Between my scientist and my cousin Donald I realized what "giving thanks" really means. It means looking in someone's eyes until you can see their vibrant colors beneath the chlorophyll, beneath the mask or the bravado or the prickly personality.
Accepting gratitude, the thanks of someone else, even a stranger, lights us up -- it makes us feel good. It helps us, even for a second, to see the light and love that is within us. When we give thanks, we open up spiritually.
You can't find your joy without gratitude! And any time you feel out of joy, all you have to do is flip on your joy switch. Immediately find something for which to be joyful and keep your gratitude glasses on.
People are so busy railing, "You know what really makes me mad?," that they've become complacent to all the services and benefits they enjoy and use on a daily basis. We Americans take our privileged lives for granted.
Loss doesn't always have to be greeted with anger or sadness. In fact, if you greet loss and differences with grace, you might find that you live in a warmer, brighter world than you ever realized. That's how my grandmother saw the world, and she shared the warmth.
We had arrived in America with nothing but rags in our backpacks and a few ounces of gold that my mother had tucked into her money belt. An impoverished aunt took us all in. Soon there were 10 people crowding together in Auntie Lisa's tiny two-bedroom apartment in San Francisco.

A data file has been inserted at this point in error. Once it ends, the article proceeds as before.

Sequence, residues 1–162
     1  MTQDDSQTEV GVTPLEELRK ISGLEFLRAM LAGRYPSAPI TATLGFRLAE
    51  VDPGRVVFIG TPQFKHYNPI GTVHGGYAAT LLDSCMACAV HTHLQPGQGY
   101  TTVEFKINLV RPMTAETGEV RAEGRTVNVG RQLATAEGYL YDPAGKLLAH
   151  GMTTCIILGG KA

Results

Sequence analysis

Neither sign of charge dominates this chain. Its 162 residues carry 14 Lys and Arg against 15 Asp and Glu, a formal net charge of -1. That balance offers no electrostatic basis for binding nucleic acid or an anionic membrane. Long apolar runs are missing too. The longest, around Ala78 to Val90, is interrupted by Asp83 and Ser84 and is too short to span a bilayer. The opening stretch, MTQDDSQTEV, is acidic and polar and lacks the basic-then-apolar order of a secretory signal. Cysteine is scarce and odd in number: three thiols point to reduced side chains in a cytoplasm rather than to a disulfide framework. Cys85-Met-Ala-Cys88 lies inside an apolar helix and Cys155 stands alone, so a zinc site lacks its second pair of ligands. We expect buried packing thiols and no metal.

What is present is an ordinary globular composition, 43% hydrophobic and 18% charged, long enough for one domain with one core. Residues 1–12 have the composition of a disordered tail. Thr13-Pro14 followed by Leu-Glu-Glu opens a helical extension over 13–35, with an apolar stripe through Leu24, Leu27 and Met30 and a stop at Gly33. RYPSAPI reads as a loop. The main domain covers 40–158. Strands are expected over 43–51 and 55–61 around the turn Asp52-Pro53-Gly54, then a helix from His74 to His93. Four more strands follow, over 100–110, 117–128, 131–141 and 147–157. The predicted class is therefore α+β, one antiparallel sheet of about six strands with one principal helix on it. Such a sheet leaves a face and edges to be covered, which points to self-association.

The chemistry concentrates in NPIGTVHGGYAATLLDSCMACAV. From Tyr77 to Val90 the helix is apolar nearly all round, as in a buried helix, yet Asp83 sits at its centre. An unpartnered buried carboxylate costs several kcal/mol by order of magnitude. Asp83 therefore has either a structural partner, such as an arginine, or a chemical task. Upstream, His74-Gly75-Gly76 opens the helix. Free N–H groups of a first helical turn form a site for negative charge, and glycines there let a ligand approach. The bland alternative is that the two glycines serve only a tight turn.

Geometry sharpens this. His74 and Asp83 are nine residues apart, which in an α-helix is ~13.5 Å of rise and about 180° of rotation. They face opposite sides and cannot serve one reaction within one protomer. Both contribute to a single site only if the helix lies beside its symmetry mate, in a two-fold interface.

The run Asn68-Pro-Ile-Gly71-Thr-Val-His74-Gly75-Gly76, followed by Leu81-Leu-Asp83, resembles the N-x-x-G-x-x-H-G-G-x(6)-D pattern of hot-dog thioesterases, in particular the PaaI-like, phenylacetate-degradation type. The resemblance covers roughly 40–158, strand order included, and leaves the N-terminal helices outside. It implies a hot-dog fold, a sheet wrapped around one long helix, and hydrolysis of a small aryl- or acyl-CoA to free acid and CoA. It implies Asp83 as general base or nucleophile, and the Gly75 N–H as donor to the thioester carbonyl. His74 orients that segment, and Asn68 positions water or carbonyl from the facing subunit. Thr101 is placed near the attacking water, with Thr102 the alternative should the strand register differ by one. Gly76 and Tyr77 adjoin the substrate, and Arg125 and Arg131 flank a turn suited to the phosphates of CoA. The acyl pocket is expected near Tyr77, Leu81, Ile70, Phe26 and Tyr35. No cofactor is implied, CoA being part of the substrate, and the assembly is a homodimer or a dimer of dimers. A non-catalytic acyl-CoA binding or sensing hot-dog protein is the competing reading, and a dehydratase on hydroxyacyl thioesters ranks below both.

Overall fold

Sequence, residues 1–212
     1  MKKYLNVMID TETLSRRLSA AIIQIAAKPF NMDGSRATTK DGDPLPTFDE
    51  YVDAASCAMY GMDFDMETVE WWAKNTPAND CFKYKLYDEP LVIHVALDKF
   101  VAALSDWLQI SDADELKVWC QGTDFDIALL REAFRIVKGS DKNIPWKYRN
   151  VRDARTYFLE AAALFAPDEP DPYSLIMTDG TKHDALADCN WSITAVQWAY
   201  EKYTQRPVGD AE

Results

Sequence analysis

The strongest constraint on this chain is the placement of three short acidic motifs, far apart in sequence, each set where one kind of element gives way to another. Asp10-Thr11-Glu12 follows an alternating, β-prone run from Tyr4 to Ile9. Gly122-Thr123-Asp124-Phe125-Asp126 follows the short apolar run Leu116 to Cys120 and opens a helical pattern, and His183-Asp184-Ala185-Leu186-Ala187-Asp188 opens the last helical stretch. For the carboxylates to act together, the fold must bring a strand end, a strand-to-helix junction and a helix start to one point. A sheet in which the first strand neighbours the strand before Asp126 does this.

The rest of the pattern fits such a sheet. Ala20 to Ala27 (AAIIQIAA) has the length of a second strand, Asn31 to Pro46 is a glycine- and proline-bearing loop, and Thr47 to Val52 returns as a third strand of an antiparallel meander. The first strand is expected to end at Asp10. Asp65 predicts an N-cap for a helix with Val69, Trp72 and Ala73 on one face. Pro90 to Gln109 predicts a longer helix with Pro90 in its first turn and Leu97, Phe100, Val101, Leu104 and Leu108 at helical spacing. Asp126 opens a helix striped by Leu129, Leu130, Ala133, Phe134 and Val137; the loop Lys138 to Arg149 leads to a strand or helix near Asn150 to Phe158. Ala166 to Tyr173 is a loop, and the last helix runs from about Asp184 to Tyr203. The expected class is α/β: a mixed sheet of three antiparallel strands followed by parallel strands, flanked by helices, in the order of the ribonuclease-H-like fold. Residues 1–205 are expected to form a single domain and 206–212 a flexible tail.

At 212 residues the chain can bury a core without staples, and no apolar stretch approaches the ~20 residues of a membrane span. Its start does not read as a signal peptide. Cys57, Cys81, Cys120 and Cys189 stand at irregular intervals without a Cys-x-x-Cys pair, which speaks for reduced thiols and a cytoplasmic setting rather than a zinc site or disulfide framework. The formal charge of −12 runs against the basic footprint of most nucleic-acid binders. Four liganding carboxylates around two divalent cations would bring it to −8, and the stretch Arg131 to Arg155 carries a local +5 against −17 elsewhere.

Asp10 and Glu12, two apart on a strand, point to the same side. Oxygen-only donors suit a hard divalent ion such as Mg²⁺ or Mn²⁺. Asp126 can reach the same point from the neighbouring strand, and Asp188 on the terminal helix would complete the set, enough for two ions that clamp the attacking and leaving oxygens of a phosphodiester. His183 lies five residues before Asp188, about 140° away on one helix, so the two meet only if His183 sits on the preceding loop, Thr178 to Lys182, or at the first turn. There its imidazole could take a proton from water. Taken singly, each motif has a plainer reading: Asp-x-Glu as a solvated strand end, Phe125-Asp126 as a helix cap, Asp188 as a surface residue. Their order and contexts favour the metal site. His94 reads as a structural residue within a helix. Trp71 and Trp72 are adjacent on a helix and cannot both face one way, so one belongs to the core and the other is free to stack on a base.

Causes of vacancy come in endless iterations and are particularly poignant during the holidays. You may be left staring death in the face. Or, perhaps your loss involves a loved one that lives far away and finances are insufficient to bring them to your door.
The adrenaline rush is over. The long rebuilding and recovery is ahead. The urgency of surviving gives way to the sadness of personal loss and infrastructure devastation and day after day of work. What is the spiritually intelligent response? Here are some of my ideas. I welcome yours.
When you were born, I knew almost nothing about autism. I hadn't taken the idea of independence and remolded it as "autism" yet, only to rework that idea back to its original concept later. I saw you and appreciated you for who I saw you to be: defiant, independent and strong.
There are strategies for cultivating gratitude -- even during times of epic disasters such as Hurricane Sandy. With practice, even under the most difficult circumstances, the ability to be appreciative will strengthen you.
Show gratitude to the people in your life that helped you make it through hard times. Show gratitude when you use something you learned. Show gratitude where you live. This attitude of gratitude can help us help each other, but more importantly, it will help you help yourself.